By Ian R. Taylor, Karen Evans, Penny Fraser
A story of 2 towns is a learn of 2 significant towns, Manchester and Sheffield. Drawing at the paintings of significant theorists, the authors discover the standard existence, making contributions to our realizing of the defining actions of lifestyles.
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Additional info for A tale of two cities: global change, local feeling and everyday life in the North of England : a study in Manchester and Sheffield
As mentioned earlier, a particular focus here was on the way in which a local structure of feeling, understood as a mediation of the local labour market, in the historical past and in contemporary experience, might help generate a sense of resistance or adaptation to global economic transformation. We hope that the distinctiveness of this work—which will be very detailed and empirical in many ways—lies in this larger theoretical curiosity with respect to the dynamics of local feelings in present circumstances and also in the fact of its comparative dimension.
Even so, we would argue, the thesis is probably overdone, even for America (where there is local news on television—on some television channels, indeed, only local news—and also a mass of local advertising). There are also locally generated cable channels, of uneven quality and impact, but with some consequence in terms of local knowledge of local schools, sports and shopping. There is some—highly mediated—sense of provision and action in local shopping malls, cinemas and sports. Indeed, in another sense, ‘locality’ intrudes even into prime-time television ‘entertainment’ programming and comedies on national networks—the troubled condition of the ‘rust-belt’ Northern states being one of several powerful themes, played for humour but in deadly earnest, on Roseanne.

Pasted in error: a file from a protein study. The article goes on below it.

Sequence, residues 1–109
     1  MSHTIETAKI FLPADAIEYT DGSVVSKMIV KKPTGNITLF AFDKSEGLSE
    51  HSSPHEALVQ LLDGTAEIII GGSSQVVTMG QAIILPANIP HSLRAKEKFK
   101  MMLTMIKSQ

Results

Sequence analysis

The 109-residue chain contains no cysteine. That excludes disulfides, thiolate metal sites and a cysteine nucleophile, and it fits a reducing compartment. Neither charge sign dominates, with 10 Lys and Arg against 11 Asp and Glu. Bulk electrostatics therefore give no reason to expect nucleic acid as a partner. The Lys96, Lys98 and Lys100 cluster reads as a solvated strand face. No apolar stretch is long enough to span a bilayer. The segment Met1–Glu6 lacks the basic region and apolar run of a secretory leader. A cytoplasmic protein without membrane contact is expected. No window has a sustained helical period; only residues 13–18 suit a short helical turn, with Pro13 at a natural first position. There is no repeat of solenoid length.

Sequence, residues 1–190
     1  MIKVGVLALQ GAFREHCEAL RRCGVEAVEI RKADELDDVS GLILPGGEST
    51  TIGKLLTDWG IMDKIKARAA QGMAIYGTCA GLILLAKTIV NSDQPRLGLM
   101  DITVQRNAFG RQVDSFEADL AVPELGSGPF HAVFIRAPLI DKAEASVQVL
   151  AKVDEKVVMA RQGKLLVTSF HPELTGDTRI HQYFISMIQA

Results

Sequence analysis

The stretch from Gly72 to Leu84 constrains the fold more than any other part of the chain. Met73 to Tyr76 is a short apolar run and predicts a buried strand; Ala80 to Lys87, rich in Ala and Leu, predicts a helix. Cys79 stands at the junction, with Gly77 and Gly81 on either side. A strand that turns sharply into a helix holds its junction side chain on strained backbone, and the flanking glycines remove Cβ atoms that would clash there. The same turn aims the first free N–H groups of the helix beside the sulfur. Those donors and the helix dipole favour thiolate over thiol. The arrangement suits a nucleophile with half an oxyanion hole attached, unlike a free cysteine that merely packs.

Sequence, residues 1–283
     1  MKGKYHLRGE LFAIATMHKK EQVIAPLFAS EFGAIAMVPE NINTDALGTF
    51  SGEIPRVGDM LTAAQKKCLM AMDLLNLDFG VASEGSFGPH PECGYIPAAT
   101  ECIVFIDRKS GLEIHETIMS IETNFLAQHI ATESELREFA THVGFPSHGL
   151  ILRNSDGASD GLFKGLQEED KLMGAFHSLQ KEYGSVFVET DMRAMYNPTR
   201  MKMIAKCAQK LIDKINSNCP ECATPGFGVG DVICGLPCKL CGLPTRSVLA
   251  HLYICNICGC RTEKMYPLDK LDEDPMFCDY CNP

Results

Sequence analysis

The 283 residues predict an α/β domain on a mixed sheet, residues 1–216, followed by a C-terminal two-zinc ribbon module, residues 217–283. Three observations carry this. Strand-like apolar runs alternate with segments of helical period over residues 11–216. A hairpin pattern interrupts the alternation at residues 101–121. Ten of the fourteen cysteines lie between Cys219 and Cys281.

17 In Chapter 3, we trace the development of the major issue of public concern in the city of Sheffield—the ‘crisis of the city centre’—which parallels developments in many North American cities in the 1990s. In Manchester, by contrast, the major local issue was the fear of crime, especially crimes of violence, seen, in the public imagination, to be located outside the city centre core. Anxieties in Manchester focused on certain areas in the inner ring around the central core of the city (Cheetham Hill, Whalley Range and especially Moss Side); areas of multiple deprivation, which are widely discussed in the local and national press and in local gossip as ghetto areas housing an exclusively black underclass.
A tale of two cities: global change, local feeling and everyday life in the North of England : a study in Manchester and Sheffield by Ian R. Taylor, Karen Evans, Penny Fraser